Om-kas-toe: Blackfeet Twin Captures an Elkdog

Om-kas-toe: Blackfeet Twin Captures an Elkdog

4.6 3
by Kenneth Thomasma
     
 

Three hundred years ago the Blackfeet tribe wandered the northern plains in search of the buffalo they needed for meat and hides. The braves hunted on foot, which made stalking and killing the large animals very dangerous. The women and children followed, using backpacks and dogs to carry their belongings.

Young Om-kas-toe longs for the day when he can take… See more details below

Overview

Three hundred years ago the Blackfeet tribe wandered the northern plains in search of the buffalo they needed for meat and hides. The braves hunted on foot, which made stalking and killing the large animals very dangerous. The women and children followed, using backpacks and dogs to carry their belongings.

Young Om-kas-toe longs for the day when he can take his place as a brave. He doesn't have to wait long for adventure, however. While serving as lookouts he and his twin sister discover a strange animal that has never before been seen by the Blackfeet tribe.

The animal is a horse; the tribe calls it an elkdog. Life in the tribe is never the same after the first elkdog is discovered and captured. For many years the story of the twins and the first elkdog is told around Blackfeet fires.

This book is an exciting story for children or families interested in Native American History, Western History, horses or just looking for an all-around great read! Thomasma's research is thorough, his writing accurate and his ability to keep his audience on the edge of their seats is stellar!

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Product Details

ISBN-13:
2940015913323
Publisher:
Grandview Publishing
Publication date:
10/30/2012
Series:
Amazing Indian Children , #3
Sold by:
Barnes & Noble
Format:
NOOK Book
Pages:
215
Sales rank:
623,347
File size:
3 MB
Age Range:
9 - 12 Years

Meet the Author

Ken Thomasma was born in Michigan in 1930, and graduated from South High School in 1948.

From 1949 through 1950, Thomasma attended Grand Rapids Junior College before enlisting in the United States Navy. During the Korean War, Thomasma served for a year. Upon his return to Michigan, he enrolled in Calvin College in Grand Rapids; he earned his A.B. in 1953. During the summer of 1952, Thomasma had his first experience as a YMCA camp counselor: a job that he would enjoy deeply, and would eventually lead Thomasma to the West. The following summer, after graduation, Thomasma was hired as the Program Director of Camp Blodgett for inner city children.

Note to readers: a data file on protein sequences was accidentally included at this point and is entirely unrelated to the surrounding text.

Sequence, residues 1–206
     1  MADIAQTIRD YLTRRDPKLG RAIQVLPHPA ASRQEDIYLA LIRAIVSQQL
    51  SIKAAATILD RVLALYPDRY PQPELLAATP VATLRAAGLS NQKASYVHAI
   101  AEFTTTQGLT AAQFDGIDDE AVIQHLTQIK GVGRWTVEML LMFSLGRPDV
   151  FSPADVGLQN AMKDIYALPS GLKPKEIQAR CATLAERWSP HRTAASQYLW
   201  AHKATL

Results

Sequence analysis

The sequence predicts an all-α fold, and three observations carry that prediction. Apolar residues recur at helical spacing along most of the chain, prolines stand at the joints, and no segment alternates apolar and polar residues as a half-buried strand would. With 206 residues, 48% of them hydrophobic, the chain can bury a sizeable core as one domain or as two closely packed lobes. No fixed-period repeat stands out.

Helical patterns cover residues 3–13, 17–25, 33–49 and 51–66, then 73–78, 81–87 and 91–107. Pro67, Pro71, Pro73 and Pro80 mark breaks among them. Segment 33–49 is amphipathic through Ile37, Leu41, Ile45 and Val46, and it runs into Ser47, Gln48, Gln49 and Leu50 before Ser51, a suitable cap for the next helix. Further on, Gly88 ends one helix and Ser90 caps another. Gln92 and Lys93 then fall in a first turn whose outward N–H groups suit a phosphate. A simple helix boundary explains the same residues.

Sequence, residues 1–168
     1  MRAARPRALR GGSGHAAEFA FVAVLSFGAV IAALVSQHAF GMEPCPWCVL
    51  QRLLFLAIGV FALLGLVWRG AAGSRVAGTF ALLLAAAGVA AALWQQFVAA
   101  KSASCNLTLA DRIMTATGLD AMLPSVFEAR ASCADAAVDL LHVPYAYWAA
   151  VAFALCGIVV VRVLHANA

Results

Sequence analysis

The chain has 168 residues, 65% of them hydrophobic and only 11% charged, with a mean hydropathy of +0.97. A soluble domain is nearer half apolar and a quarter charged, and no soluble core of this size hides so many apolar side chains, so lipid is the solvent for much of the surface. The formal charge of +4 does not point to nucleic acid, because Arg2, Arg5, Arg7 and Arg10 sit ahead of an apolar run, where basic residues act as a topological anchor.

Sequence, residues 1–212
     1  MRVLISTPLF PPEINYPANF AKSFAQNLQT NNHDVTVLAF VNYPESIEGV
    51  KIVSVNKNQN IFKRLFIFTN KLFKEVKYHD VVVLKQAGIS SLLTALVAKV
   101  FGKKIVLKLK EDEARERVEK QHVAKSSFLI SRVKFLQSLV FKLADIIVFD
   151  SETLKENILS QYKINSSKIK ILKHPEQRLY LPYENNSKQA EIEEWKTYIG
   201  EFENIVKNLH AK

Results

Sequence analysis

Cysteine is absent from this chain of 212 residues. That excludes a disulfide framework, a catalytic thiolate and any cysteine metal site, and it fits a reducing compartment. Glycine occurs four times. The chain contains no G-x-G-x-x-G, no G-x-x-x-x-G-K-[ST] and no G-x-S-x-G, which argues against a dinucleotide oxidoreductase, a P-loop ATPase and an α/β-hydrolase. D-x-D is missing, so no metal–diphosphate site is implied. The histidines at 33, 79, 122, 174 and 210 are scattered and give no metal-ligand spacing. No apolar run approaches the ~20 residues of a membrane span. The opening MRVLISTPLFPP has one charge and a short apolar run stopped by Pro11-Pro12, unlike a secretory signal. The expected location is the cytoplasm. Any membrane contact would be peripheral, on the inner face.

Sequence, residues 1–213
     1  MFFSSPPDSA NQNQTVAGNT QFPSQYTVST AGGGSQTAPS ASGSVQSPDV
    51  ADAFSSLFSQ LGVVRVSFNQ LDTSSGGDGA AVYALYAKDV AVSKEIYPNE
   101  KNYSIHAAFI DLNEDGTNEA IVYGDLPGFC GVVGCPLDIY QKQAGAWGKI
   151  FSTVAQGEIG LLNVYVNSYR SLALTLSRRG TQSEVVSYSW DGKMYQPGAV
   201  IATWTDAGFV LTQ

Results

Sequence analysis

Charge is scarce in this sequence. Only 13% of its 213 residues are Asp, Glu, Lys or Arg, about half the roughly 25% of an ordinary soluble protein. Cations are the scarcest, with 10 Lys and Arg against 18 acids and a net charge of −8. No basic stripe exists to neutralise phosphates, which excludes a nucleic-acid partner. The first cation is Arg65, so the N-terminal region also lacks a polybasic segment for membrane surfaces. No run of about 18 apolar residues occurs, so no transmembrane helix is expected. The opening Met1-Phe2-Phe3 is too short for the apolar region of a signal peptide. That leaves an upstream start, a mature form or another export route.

After his summer on the shores of Lake Michigan at Camp Blodgett, Thomasma began teaching sixth grade at Mulick Park Elementary School. Five years later, in 1958, Thomasma became principal of that elementary school.

During his time in Grand Rapids, Thomasma met his future wife, Barbara. On June 16, 1955, they were married. Their son, Dan, was born in December of the following year. Thomasma returned to his position Camp Blodgett during the summers of 1956 and 1957. In 1958, after completing his Masters' Degree at the University of Michigan, Thomasma left Mulick Park Elementary and took the position of principal of Ridgeview Junior High. He stayed at Ridgeview until 1964, when he accepted a teaching position at Ken-O-Sha Elementary School.

Back in Michigan, Thomasma's career in education continued to flourish. In 1969, Thomasma left Ken-O-Sha Elementary to teach as a professor for two years at Grand Valley State College.

In the summer of 1973, the Thomasma family purchased one acre of land near the southern border of Grand Teton National Park in Jackson Hole, Wyoming. Thomasma continued his career in education, but this time in Jackson Hole, Wyoming. From 1977 until 1979, Thomasma taught at the Jackson Hole Middle School. In 1979, both Ken and his wife, Barbara, began teaching at Kelly Elementary School north of Jackson Hole. During his time at Kelly, Thomasma wrote his first book, Naya Nuki: Girl Who Ran. It was completed and published in 1983. In 1986, Naya Nuki was awarded the Wyoming Library Indian Paintbrush Book Award.

Since retiring from teaching, Thomasma has written nine more books: eight more titles in the Amazing Indian Children Series as well as the extremely-popular non-fiction title, The Truth About Sacajawea.

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